“You inhuman fiend…” the man spluttered, pulling back the hammer. A brief pause was spent spitting out the blood that had filled his mouth before continuing. “You have… no power over m-”

Molly watched in horror as the man’s proclamation was reduced to gagging, one bloodied hand hopelessly squeezing an ineffective trigger while the other groped at the unseen force that seemed to have wrapped itself around his neck. In less than a minute he was brought to his knees, his struggle for air raging on as he toppled over. And finally he stopped moving, then stopped breathing and ultimately stopped living.

The girl adopted a defiant pose and let out another proud giggle. “I have power over everyone and when I say nobody can have my toys that means not even you!”

Peering over the edge of the table, Molly took one last look at fallen giant and the armour that had failed him in his hour of need. One of the smarter ones, she realised, and judging from the soft golden aura around its edges, one with the sense to have it enchanted beforehand. But it seemed all the preparation this man could and may have done beforehand would have been little defence against the dark magicks that ultimately spelt his doom. She would have to wait longer for someone to rescue her.

Before she had even finished mourning yet another would-be saviour, her master plucked her from the table, the titan’s unusually careful index finger and thumb holding her by the waist. Now it was playtime. Molly hated playtime.

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Short Story: One Shot

You want to know where I got this nasty old wound above my brow? Be honest now. Okay, very well. I’ll tell you, but you’d better be listening, you hear?

It was 2525 and I was posted on the barren archipelago of Midland. It sits on the equator of Port Merlin. I had the miserable “honour” of guard duty that day, on account of a disagreement with a superior officer of all things, but that’s unimportant now. So there I was, bored out of my skull and melting under the midday suns, wondering who in their right minds would ever consider these god-forsaken dunes on the sea to be of any value and importance when lo and behold, the enemy struck with a force we were ill-prepared to defend our little installation against.

The Andromeda Alliance, never ones to be seen as sound of mind on any day, good or bad, had been picking at us with small skirmishes up until that point, almost like trying to carve through our defences with little more than a chisel, and only then did they throw a hell of a jackhammer our way: a hundredfold extra footsoldiers emerged from the sea like the dreaded fish-people you hear about in 20th-century horror stories, backed up by as many as fifty 54-ARK amphibious tanks and a couple of 57-OMP bipedal assault suits marching across the continental shelf like it were a paddling pool.

We were doomed from the start, believe me. Our own numbers would have struggled against the footsoldiers alone and the walls would have easily crumbled under the force of those tanks. Oh, for sure, we could have probably picked off a good few of those tanks with our own cannons, but the majority would still slip through and punch a hole in the walls assuming the gargantuan assault suits didn’t step on them first or wipe them away with their arm-mounted cannons.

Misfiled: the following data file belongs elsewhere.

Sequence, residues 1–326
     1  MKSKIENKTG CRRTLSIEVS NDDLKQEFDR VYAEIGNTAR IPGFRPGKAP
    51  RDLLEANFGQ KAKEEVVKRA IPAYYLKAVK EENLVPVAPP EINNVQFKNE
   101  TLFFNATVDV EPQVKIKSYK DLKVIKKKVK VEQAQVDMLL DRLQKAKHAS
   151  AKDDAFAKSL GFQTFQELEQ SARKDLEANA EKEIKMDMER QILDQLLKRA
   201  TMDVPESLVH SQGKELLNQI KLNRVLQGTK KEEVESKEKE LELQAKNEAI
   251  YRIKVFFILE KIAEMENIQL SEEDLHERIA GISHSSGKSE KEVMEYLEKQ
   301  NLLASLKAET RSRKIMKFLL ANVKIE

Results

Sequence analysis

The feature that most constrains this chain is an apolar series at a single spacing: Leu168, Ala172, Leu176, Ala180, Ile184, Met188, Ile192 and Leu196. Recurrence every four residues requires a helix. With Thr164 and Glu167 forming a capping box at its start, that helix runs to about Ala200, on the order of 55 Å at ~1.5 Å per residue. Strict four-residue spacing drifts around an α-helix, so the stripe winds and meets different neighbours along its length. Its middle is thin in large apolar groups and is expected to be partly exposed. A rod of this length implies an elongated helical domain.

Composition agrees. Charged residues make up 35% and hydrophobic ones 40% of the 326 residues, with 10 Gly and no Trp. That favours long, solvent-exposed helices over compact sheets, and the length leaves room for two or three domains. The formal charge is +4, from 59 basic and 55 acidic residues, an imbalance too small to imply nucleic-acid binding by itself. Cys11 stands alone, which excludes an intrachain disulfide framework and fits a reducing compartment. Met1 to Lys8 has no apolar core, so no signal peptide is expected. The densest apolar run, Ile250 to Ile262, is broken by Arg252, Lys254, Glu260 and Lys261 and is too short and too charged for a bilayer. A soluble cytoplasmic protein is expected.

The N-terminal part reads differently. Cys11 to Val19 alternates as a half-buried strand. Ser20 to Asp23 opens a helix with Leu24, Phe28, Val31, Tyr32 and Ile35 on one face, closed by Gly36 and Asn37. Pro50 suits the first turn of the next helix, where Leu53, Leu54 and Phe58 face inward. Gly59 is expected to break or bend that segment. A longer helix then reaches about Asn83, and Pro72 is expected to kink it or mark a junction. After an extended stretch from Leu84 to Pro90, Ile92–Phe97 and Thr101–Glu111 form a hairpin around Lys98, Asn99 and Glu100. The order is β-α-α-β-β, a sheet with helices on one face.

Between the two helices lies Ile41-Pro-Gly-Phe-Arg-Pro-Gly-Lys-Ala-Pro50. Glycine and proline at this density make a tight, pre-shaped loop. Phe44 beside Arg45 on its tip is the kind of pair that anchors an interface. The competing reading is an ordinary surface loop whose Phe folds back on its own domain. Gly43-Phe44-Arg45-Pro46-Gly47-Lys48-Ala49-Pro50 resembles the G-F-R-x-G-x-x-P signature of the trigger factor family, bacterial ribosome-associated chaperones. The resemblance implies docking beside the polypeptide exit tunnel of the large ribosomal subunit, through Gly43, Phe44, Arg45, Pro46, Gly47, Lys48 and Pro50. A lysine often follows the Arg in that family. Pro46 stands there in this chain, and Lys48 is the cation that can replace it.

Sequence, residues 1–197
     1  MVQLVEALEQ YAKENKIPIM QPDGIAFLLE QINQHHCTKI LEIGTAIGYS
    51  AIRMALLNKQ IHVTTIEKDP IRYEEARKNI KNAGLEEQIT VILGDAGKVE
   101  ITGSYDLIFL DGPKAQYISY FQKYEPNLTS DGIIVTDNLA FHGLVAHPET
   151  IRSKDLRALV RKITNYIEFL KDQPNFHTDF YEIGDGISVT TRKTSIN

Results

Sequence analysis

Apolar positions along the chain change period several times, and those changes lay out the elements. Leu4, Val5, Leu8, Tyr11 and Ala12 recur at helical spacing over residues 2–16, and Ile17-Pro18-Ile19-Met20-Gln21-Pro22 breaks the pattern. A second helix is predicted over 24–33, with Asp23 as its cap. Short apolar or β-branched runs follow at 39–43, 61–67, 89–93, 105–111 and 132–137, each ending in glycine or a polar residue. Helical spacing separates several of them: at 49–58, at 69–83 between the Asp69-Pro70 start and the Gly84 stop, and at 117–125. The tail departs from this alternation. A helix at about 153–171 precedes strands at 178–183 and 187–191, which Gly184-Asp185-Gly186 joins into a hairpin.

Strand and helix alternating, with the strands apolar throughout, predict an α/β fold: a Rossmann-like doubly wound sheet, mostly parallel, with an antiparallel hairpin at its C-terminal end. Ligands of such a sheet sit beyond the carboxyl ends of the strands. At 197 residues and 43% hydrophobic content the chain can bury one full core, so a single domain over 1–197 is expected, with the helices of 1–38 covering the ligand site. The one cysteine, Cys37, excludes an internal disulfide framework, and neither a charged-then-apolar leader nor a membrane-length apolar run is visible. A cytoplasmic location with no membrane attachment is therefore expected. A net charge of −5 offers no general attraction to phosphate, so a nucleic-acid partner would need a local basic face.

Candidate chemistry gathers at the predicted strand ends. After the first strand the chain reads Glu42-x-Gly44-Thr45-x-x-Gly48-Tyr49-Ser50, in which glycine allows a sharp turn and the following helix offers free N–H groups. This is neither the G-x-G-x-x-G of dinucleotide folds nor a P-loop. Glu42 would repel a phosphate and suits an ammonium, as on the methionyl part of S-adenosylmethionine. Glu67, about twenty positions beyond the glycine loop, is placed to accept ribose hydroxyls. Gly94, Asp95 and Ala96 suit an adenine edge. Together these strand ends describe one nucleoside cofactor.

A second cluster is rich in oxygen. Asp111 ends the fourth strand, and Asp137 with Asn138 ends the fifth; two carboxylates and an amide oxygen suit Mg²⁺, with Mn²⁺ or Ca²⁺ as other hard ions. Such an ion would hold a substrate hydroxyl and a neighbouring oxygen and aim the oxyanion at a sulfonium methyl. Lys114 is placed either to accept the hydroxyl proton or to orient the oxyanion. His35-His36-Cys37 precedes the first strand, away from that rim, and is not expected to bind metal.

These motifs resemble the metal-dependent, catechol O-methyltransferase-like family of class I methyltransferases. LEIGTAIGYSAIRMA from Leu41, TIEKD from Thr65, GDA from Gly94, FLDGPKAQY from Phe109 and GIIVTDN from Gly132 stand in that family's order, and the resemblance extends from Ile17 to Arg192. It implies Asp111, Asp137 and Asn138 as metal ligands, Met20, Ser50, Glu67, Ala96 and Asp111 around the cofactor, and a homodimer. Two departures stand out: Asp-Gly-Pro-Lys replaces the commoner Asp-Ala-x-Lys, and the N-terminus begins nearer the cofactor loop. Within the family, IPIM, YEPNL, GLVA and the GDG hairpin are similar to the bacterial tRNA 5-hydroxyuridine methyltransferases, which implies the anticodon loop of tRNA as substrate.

It was a desperate time for us all, and you know what they say about desperate times? Oh for crying out loud, get your mind out of that gutter this instant! No, desperate times called for desperate measures, and none more desperate than my actions that day. Most of the men focussed on the ground troops or tried to strike down the walkers with heavy artillery or missiles. Men who had never taken the time to read up on the enemy enough to know that you can rarely take out one of those buggers with anything short of a god-damned nuke! But it wasn’t a nuke I used that day, no siree.

You see, the shields they were packing will hold off most turret fire and high explosives without fail for an extended period of time, but the Alliance scrimped a little on the walker’s budget, I heard. They never bothered once to try and make those same beehive barriers of theirs dense enough to stop a bullet from a handgun or a rifle. And when I wasn’t being penalised for calling the top brass a bunch of spineless cravens and pencil-pushers, I was the sharpest shot this side of the Horsehead Nebula.

So took a double risk that day: not just the risk of failure but the risk of the penalties for abandoning my post on top of my earlier crimes of the day, but I knew that I was the only one who could turn the tide of a battle weighed unfairly against our favour. I vaulted the barrier behind me and dropped to ground level, making a break for the armoury the moment I’d finished my rolling landing. Ignorant of the protests I received on the way and as I chose my weapon of choice – a Zeus-class shock sniper, I’ll have you know – I raced back to my post and started to load up.

By the time I’d taken aim even the commander started screaming in my ear, demanding that I drop the rifle and pick up something more suited to the task. What did he know, I ask you, what could he possibly know better than I? If he had any better ideas, a large chunk of our losses that day could have been avoided. All around me, good men were powerless to do naught but die, be it under the tracks of those tanks, torn to shreds by their guns or blown to kingdom come. Running wasn’t an option. That just earned you an on-the-spot execution for cowardice, which had me counting myself lucky that the commander himself was reluctant to pop a bullet between my eyes.